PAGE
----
If you follow my blog, you may recall that I recently found out I’m anemic. Just a couple of weeks before this race, my hemoglobin was 6 (normal for women my age is 12-15). Despite that, I still managed to finish in 1:57:31, 4th in my age group, 61 overall out of 287. I haven’t run a half marathon this fast since 2015. Needless to say, given my poor health, I was thrilled with my result. Unfortunately I forgot to hit save on my Garmin at the finish so I have no idea what my split times were. I also made a point of not checking my watch during this race because I just wanted to run more by feel.

As I mentioned earlier, the race medals at the finish were huge and pretty cool-looking. There were also space blankets, which was a nice touch given how cool it was that morning. There was chocolate milk, water, donuts, bagels, bananas at the finish line, and then there was even more food at Cotter School.

The finish!

My daughter ran the 5k and came in 2nd in her age group, so my husband and daughter went to get her age group medal at the school, where the awards ceremonies were. There were sausage biscuits, bananas, lemonade, Gatorade, coffee, hot chocolate, chili, and a variety of soups when they went at 9:00 for the 5k awards. I showered and changed after the half and went to the school around 10:00 and then they had pizza instead of sausage biscuits but everything else was the same.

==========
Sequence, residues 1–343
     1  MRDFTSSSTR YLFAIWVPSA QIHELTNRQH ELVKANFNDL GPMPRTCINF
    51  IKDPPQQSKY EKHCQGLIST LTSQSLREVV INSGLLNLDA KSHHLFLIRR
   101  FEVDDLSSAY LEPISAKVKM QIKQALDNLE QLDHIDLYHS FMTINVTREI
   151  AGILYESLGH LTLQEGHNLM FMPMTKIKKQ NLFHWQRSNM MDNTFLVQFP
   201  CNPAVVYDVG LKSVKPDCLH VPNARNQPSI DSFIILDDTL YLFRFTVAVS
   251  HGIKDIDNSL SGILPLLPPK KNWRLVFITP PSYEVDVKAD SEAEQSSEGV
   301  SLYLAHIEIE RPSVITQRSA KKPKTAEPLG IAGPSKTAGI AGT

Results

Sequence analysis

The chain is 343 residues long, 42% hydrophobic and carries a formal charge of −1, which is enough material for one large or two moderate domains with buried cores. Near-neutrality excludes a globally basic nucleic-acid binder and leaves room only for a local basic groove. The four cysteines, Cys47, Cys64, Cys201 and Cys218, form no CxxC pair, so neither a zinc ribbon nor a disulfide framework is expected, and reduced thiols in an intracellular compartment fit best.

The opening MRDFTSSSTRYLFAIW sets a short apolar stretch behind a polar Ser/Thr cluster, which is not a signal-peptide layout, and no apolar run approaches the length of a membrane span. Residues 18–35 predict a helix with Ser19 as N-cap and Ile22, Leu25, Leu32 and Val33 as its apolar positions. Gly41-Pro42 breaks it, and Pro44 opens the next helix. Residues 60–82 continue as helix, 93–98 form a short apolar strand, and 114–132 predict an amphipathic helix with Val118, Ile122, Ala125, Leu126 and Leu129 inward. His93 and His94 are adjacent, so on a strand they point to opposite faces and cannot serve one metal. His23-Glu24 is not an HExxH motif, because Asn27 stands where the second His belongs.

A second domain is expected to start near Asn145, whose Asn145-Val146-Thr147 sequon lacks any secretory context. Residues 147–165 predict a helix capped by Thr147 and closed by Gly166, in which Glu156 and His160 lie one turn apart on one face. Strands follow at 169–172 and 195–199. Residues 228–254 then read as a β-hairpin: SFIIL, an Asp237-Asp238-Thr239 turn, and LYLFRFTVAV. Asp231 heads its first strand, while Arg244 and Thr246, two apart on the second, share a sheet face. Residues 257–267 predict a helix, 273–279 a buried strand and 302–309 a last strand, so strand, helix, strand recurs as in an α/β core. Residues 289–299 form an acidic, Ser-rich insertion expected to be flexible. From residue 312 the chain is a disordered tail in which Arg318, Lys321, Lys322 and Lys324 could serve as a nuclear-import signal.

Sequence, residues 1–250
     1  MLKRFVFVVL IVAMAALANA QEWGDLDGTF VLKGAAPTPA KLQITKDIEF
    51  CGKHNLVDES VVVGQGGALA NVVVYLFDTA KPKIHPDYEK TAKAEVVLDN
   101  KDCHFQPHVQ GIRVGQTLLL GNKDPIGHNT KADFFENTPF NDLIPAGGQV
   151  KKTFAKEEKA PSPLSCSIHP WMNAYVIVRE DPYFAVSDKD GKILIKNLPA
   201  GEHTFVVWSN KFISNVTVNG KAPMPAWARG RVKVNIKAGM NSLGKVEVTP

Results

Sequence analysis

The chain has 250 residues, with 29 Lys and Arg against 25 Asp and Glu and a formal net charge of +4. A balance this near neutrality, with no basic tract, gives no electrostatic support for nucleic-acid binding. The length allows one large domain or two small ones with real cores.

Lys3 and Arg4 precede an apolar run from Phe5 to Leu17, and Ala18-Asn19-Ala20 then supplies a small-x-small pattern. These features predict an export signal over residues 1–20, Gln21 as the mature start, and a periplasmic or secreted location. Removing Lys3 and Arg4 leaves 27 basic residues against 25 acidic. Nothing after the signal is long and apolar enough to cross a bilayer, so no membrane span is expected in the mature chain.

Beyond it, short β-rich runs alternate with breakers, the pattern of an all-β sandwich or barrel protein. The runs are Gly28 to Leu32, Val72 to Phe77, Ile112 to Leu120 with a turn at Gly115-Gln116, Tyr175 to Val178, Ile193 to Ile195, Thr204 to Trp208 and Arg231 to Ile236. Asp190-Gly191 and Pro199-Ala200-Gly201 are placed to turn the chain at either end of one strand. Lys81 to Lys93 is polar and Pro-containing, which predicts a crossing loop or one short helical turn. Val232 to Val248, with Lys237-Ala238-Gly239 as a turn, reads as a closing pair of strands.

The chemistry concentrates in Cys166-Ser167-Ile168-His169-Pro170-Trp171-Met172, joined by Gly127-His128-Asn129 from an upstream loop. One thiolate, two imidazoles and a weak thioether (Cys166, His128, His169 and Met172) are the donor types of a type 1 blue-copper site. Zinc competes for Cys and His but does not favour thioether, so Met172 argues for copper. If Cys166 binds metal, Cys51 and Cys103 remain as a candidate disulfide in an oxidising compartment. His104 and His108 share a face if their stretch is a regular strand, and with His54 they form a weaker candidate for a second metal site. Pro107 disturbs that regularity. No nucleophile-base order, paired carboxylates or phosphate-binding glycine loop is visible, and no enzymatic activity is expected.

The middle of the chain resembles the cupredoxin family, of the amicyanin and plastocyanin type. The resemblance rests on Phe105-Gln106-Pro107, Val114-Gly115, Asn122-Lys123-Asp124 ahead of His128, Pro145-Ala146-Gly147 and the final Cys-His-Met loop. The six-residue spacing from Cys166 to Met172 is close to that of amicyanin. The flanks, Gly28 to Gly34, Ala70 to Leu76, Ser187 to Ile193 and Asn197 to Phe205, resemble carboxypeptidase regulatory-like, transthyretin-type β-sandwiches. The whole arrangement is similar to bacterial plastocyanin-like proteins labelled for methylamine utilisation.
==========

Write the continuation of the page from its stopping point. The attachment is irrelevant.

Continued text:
To be a small race, this is one of the best I’ve been to. While the course wasn’t one of the most scenic I’ve ever run on, it wasn’t bad and it was definitely one of the fastest courses I’ve raced on. The volunteers were great and the food afterwards was good and plenty of it. There was also a shoe recycling area and it looked like quite a few old running shoes were collected. If you’re looking to cross Arkansas off your list, I highly recommend this race!

Just a portion of the shoes collected at the race


Do any of you have plans to run a race in Arkansas or have you already? If so, which one do you want to run or have you run? Do you like races in small towns along back country roads or do you prefer racing in bigger cities with big productions like the Rock n’ Roll series for example?

Happy running!





Author: runningtotravel

I'm a long distance runner with a goal of running a half marathon in all 50 states in the US, which I completed in 2021. I also love to travel so I travel to other places when I'm not running races. Half the fun is planning where I'm going to go next!

22 thoughts on “White River Half Marathon, Cotter, Arkansas-44th state”